Democrats clashed over banking reform Tuesday night during the party's first primary debate, underscoring the sharp divide with GOP candidates on Wall Street issues.
While Republicans have so far focused on repealing or drastically revising the Dodd-Frank Act — to the extent the issue has been raised at all — Democrats are concentrating their efforts on where financial reform needs to be pushed further.
The three leading candidates, former Secretary of State Hillary Clinton, Sen. Bernie Sanders of Vermont and former Maryland Gov. Martin O'Malley, all called for additional changes to the banking system to rein in large financial institutions during the Las Vegas showdown.
"This is a significant shift in American politics and we should expect that the presidential election — whatever the outcome — will have a real impact on regulatory attitudes and actions," said Simon Johnson, a professor at MIT.
Following are the key takeaways from the debate that banks should focus on as the election draws closer.
'Too Big to Fail' is here to stay
While the Obama administration has largely concluded that Dodd-Frank ended "too big to fail," comments from all three of the top Democratic contenders reflect broader party concerns that the biggest banks still pose significant risks to the system.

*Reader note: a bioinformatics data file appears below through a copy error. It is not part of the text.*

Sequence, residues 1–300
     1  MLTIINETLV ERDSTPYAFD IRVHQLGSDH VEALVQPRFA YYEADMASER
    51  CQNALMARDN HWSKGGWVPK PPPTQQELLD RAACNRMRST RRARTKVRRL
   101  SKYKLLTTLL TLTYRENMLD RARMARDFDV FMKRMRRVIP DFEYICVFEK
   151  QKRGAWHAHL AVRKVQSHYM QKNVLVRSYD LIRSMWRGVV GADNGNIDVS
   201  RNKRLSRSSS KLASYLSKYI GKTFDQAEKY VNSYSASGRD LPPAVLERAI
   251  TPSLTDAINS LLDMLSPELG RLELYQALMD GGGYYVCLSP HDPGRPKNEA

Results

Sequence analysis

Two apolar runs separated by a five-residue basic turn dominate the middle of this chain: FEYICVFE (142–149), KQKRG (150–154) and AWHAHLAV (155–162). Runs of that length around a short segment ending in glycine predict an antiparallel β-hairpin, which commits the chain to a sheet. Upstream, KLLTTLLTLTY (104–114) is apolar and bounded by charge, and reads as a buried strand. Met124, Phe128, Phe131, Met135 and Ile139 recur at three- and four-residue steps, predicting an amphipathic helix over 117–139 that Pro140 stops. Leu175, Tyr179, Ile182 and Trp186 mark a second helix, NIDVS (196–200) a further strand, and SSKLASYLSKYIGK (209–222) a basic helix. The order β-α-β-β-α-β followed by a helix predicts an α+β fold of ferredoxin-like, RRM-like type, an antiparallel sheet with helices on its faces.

"The Democratic candidates essentially agree that TBTF is still with us," said Johnson. "This surely means that any Democratic nominee for president will end up pushing for a further financial reform agenda."
Indeed, both Sanders and O'Malley have explicitly called for breaking up the biggest banks, and even Clinton, the most moderate of the first-tier candidates, has warned that excessive risk in the system and "too big to fail" remain problematic.
"Of course we have to deal with the problem that the banks are still 'too big to fail,'" Clinton said at the debate, highlighting her plan to punish bank executives found guilty of wrongdoing and to give regulators more power over the largest financial institutions, including nonbanks.
Though Clinton continues to win financial backing from the industry, her rhetoric underscores the fact that there's little limit to how far Democratic candidates can go in bashing banks, seven years after the financial crisis.
"Your toughness on the banks is now a litmus test in the Democratic Party," said Edward Mills, an analyst at FBR Capital Markets. "What we've found through Dodd-Frank and what we continue to see with the power that Sen. Warren yields in the Senate is that there's almost no position against the banks that is going to be seen as too far among Democratic leaders."
Clinton focuses on 'shadow banking'
Still, Clinton was careful to center her comments on fears about the so-called shadow banking system, sidestepping the concerns about big banks detailed by the other candidates. She also continued to push back on calls to bring back the Glass-Steagall Act, a Depression-era law separating commercial banking and riskier activity. The law was repealed in 1999 under her husband, President Bill Clinton.